Commissioners agreed to approve a new fire code but decided to wait before requiring that sprinklers be installed in many downtown basements.
Fire-suppressing sprinklers won't have to be installed in basements along Massachusetts Street right away, but their time will come.
On a 4-0 vote Tuesday night, Lawrence city commissioners decided to seek more information before requiring that many downtown basements be equipped with automatic fire sprinklers within five years, as recommended by the city's Fire Code Board of Appeals.
"I don't want to give any indication that we don't want to do this," Commissioner Erv Hodges said. "The question I have is how are we going to do it and when?"
Commissioners agreed to the delay after hearing concerns from owners of businesses and properties downtown. They fear getting scorched with bills of at least $16,500 to get the jobs done.
"That's more than their income, a lot of the time," said Myles Schachter, who spoke on behalf of Downtown Lawrence Inc.
Schachter estimated that as many as 200 businesses -- about 80 percent of them locally owned -- could be required to install basement sprinklers to comply with the fire code as proposed. And that means they would need some financial help, given their often "tight budgets" and "very small bottom lines."
Schachter suggested having the city waive "tap" fees for new water connections, install new water lines for free and possibly even create a special financing method to allow the costs of sprinklers to be paid off over a period of years.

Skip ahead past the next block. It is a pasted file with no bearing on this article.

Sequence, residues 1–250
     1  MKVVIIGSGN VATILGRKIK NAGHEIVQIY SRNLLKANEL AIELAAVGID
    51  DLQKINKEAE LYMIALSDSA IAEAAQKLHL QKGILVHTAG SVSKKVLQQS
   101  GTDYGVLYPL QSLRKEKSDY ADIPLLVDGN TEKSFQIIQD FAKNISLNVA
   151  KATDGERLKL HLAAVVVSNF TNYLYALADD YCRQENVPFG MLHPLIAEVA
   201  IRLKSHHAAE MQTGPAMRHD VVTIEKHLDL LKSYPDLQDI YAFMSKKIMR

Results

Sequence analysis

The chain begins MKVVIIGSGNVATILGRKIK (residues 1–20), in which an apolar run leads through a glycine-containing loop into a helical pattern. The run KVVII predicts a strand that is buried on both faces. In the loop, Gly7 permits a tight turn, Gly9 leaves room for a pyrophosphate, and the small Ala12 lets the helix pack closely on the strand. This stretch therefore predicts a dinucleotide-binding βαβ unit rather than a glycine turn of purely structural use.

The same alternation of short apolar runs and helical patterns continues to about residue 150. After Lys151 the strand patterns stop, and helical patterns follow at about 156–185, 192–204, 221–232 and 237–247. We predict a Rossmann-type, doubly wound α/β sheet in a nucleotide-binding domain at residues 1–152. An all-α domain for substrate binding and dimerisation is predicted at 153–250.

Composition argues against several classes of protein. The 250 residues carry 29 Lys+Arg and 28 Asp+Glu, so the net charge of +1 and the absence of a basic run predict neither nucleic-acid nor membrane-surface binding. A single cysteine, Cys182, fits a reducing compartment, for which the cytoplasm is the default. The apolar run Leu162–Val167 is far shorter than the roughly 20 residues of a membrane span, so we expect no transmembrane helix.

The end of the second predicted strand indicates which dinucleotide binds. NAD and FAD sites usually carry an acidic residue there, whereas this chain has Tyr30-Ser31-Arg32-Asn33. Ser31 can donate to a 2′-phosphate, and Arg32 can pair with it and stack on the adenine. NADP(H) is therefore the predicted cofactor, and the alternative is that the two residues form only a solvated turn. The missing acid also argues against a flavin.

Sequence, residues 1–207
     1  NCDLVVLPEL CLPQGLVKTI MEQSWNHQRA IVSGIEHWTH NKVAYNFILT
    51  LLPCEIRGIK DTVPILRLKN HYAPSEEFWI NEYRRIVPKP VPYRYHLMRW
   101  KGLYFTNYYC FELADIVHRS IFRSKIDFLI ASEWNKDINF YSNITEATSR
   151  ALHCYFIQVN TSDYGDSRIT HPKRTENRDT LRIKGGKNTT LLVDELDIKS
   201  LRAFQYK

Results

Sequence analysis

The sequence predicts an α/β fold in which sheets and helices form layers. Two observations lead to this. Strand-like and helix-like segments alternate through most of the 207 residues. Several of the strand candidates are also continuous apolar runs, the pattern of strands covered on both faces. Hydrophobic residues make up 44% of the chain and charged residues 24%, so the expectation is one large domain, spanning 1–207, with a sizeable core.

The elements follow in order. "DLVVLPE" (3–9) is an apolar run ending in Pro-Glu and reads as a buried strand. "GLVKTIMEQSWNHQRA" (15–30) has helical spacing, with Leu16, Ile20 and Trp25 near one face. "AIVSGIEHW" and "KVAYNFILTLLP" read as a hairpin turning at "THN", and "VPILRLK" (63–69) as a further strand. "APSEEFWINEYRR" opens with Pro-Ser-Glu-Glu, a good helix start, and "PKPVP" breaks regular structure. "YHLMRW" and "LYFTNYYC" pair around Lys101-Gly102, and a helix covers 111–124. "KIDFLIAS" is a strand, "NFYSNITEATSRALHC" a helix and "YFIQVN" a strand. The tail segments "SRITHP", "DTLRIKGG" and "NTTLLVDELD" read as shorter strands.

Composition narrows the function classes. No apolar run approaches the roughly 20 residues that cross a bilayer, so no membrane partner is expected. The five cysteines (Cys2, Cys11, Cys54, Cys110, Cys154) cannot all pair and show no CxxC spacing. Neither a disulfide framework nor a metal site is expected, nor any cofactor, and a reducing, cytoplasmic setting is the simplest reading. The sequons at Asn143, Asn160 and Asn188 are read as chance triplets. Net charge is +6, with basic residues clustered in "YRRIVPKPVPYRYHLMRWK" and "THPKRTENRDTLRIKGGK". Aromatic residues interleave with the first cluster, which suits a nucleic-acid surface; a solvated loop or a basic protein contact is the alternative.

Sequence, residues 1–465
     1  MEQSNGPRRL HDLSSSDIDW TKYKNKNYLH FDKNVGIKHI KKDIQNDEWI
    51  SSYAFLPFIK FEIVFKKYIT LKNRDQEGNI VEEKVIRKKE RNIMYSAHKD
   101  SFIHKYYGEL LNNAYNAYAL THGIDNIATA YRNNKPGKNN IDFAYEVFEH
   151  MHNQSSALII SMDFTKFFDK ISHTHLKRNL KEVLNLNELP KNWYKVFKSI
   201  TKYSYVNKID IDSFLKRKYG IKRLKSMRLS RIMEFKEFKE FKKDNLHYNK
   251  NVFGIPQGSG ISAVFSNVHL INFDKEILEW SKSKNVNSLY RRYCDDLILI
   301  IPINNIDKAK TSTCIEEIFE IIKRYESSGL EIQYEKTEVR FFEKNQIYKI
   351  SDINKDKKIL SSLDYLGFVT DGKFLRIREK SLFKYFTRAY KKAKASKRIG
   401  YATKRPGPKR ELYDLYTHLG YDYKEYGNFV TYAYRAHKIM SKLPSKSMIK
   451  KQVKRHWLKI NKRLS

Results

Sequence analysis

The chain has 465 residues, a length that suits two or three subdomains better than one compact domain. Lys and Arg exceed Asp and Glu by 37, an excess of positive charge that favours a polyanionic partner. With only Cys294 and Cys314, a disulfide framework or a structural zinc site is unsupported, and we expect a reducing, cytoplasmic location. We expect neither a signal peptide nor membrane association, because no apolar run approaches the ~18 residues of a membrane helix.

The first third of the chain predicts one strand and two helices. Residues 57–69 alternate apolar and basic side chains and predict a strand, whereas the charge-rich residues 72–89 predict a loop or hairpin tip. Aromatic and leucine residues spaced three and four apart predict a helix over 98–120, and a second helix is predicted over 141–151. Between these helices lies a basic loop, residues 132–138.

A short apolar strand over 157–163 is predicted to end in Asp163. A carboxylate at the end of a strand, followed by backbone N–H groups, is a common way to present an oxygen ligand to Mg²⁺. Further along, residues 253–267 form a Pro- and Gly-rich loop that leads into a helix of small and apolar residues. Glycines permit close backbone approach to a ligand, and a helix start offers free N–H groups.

Maj. Rich Barr, Lawrence fire marshal, also wouldn't mind seeing the sprinklers in place right away. Last year's fire at Sunflower & Bike Shop, 844 Mass., could have been extinguished -- or at least controlled -- had sprinklers been in place, he said.
As it was, the blaze started in the basement and caused more than $1 million in damage.
Without sprinklers being required, a similar blaze two years from now could be even worse and wipe out half a block of downtown, said Jim McSwain, chief of Lawrence-Douglas County Fire & Medical.
"We don't want this to be a surprise," McSwain said.
City Manager Mike Wildgen said officials would gather more information before bringing the issue back to the commission for a decision.
In the meantime, commissioners agreed to OK the remainder of the new fire code, as proposed.
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